C0-C1 Manipulation for the Treatment of TMJ Dysfunction

Temporomandibular joint (TMJ) dysfunction is prevalent in many individuals. TMJ dysfunction goes hand in hand with neck pathology. It is key for health care practitioners to be able to properly evaluate and treat dysfunction versus chasing symptoms/pain.  Considering this perspective, it is vital to understand the relationship between the neck and jaw. The upper cervical more specifically the OA joints have both a mechanical and neurophysiological effect on the jaw.

C0-C1 lateral flexion totals approximately 15° of ROM (8-10° in each direction respectively). If C0-C1 hypomobility is observed then you must consider the influence it has on the resting posture of the TMJ’s. Left Lateral flexion in C0-C1 results in a right glide of the occipital condyles causes relative anterior glide of the left condyle on and a relative posterior glide of the right condyle (illustration below). This tilting results in an offset posture of the head and jaw. This tension created by the offset posture will change the length tension relationships between the multipoint muscles connecting the head, jaw, neck, and scapula (illustration below).  It is widely known that having abnormal length tension relationships in muscles results in compromised flexibility, strength, and coordination leading to TMJ dysfunction and eventually symptoms.

 

 

 

 

 

 

 

 

C0-C1 also has a neurophysiological effect on the TMJ’s. C0-C3 can have effects on pain and muscle dysfunction of muscles innervated by Trigeminal nerve secondary to Trigeminal Cervical Nucleus (TCN), (Illustration below). The Mandibular branch of Trigeminal nerve has motor supply for muscles of mastication (masseter, temporalis, medial/lateral pterygoids). Auriculotemporal branch of the Mandibular branch of Trigeminal nerve supplies TMJ. This shared nucleus binds the fates of the neck and jaw. One dysfunctional region will eventually result in the downfall of the other by way of the TCN.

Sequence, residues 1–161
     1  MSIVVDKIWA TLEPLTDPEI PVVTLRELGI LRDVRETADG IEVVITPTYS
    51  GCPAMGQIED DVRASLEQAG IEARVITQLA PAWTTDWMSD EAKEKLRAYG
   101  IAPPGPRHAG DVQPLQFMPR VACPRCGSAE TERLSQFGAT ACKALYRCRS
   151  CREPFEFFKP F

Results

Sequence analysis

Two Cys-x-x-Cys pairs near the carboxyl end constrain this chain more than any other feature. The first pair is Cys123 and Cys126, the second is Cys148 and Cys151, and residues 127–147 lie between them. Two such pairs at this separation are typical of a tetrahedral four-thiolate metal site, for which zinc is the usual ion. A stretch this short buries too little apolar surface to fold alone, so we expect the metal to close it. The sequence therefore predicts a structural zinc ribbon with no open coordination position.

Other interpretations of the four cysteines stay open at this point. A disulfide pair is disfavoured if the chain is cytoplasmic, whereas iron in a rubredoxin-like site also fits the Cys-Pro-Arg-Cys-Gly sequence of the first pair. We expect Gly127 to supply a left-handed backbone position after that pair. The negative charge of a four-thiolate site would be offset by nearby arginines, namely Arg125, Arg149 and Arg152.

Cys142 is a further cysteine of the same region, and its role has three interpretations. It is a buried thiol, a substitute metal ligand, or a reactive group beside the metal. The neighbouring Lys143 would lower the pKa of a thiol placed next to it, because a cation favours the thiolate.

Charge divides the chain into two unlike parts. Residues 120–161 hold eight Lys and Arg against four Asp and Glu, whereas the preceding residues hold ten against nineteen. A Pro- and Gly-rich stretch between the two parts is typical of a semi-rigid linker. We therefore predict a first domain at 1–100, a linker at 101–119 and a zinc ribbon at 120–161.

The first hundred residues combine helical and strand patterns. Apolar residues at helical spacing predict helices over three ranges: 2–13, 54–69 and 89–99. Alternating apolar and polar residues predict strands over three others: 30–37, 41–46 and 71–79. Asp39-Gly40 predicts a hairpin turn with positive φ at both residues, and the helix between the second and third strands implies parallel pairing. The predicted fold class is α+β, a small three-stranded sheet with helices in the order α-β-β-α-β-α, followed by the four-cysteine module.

The mechanisms that connect the neck and jaw although complicated can result in a very simple and effective approach to curing TMJ and upper cervical. Local treatments to the TMJ such as soft tissue release of the muscles of mastication along with TMJ manipulation can improve symptoms, ROM, and overall function but will not permanently resolve the issue. Given their relationship it is necessary to clear the upper cervical spine to normalize the position of the TMJ relative to mid-line (mechanical influence) and manipulate the upper cervical spine to decrease the afferent signals causing increased tone in the jaw (neurophysiological influence).